This weekend my wife and I are putting the final touches on the house before we travel to Oregon to meet our new adopted son. We have never met before, and have not been allowed to talk to him via phone or Skype, which seems unusual. All he knows about us is what the social workers have talked to him about with a photo album we sent. We were hoping to visit him twice before, but have been put off both times, probably for the best to eliminate any confusion on his part. We have only two roughly taken photos of him, so we should recognize him when we see him.
My wife and I are anxious, but also nervous to meet him. We don’t know how the introduction process will work or if the foster parents will be supportive or not with us meeting him. We are the outcasts trying to meet our son for the first time and have been stalled at every turn. I will be relieved when this process is over. We have many friends and family members praying and encouraging us through the process and the finish line is just a few days away. My wife and I want to make the transition for him as easy as possible, but we really desire to take him home next week right after a few visits. We are planning on creating a photo album of the journey with different landmarks, so he can see the places we will drive by on the way home and reassure him of our destination, his new and forever home.
The toughest part of this journey has been finalizing the paper work. We, us and our social worker in Idaho, received documents to sign and we sent them back very quickly to be told they are sitting on a desk in Oregon waiting for a state worker to finalize them after a month. If it is not finalized before we meet our son, we will have to leave him in Oregon, return home, and return for him when the papers are finalized. Our son’s social worker is trying to push the paperwork through, but other departments are holding it up. Hopefully, it will be processed before Wednesday next week.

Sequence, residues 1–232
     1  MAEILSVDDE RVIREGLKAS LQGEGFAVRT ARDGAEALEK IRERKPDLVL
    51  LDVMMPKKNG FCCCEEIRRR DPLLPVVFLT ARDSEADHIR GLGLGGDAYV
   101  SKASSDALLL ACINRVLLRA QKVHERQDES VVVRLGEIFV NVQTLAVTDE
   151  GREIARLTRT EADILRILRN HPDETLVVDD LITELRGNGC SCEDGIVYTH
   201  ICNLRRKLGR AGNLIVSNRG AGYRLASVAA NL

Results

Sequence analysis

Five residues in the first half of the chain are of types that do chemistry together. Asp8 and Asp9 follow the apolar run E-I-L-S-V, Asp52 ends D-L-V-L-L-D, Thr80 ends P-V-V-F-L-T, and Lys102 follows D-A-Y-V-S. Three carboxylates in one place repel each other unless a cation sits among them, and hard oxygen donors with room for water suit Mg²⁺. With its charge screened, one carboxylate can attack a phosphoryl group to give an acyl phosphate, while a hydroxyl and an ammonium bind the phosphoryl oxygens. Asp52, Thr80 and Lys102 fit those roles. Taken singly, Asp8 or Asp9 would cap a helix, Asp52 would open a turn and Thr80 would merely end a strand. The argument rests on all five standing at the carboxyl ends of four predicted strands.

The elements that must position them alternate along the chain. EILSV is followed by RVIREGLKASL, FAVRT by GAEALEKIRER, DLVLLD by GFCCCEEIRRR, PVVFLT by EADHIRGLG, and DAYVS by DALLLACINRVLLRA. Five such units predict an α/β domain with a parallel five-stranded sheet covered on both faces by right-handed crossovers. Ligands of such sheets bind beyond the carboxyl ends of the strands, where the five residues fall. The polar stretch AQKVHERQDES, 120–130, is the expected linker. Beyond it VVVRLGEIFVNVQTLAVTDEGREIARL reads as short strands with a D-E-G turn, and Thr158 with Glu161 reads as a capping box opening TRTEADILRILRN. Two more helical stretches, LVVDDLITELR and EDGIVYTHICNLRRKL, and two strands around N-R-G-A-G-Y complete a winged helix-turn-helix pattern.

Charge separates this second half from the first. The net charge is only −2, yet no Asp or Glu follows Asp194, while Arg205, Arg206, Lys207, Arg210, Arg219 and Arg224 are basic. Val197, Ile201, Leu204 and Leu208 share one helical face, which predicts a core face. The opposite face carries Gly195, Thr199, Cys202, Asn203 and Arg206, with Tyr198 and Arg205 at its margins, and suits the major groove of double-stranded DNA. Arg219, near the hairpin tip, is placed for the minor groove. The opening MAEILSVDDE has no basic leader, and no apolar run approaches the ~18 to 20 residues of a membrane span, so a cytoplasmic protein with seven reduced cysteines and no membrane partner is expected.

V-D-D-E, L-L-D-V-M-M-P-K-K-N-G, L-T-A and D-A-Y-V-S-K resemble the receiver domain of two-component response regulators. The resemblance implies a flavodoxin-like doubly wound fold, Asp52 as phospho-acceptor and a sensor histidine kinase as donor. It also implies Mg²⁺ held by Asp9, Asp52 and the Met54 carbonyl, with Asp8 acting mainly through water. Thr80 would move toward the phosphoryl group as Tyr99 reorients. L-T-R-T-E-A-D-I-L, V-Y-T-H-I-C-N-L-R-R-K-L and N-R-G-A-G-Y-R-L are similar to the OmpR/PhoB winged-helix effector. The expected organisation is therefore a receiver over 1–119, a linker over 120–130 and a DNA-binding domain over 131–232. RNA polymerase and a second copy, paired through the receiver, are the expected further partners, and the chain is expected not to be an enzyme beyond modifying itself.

We have some awesome plans this summer. Our Church held a shower for us a couple of weeks ago and stocked our son with all the necessities a young boy needs; he has clothes, games, many types of Legos, and even a bicycle. Our son doesn’t know how to ride a bike yet, but he has one ready for him with a helmet and a dad who is taking the summer off to teach him. We also want to enroll him into swim lessons and when he is confident take him out on our sail boat, but we won’t rush it. We also have chores on the acreage that need to be done such as gathering firewood, but we plan to quit during the heat of the day and play educational games or work on learning activity books. In the evening, we would like to play some family fun games with him, like Uno and Sorry. Krista’s Mom is creating a library for him, so we can read to him or him to us before bedtime.
I know there will be a tough adjustment for our son; he has grown attached to his foster family and they have to him as well, but we plan to stick with a daily routine and a rigid to loose schedule to help him to adjust and begin to trust us. He will know we are consistent, caring adults who love him too. I just hope everyone in his circle helps support the transition, if not, it could be pretty traumatic for him, but we will give him grace and comfort though his transition.
Many people have told me there is a honey-moon period of 3-6 months in which the child will begin to show his or her true nature or to test boundaries to see if you are sincere in keeping them. We are prepared for this, but I am also prepared for the opposite to occur in which the honey-moon period never ends. Incredibly, most people I talk to think I am foolish for saying and thinking this. When I married my wife twenty-one years ago this July, I was told the same thing. “Oh you are newly weds. Enjoy this time of your marriage, the honey-moon doesn’t last long.” Twenty-one years and I am still on that honey-moon with my wife. Sure the jobs, the house, the responsibility has always been there, but my friendship and love has grown more deeply over time. We have weathered adversity together and I give credit to our love of God for getting us through some tough times. I also love my wife more than myself. I want to give to her what she needs and my own interest and pleasures come after hers. She has the same feelings toward me, and that is why the honey-moon has lasted continuously.
When we meet our son for the first time, he will eventually learn by our actions that my wife and I love him as an extension of ourselves. His needs will be put before ours, and hopefully one day when he marries, he will have learned to put his spouses’ needs before his and the cycle of love will continue and his honey-moon will never have to end as well.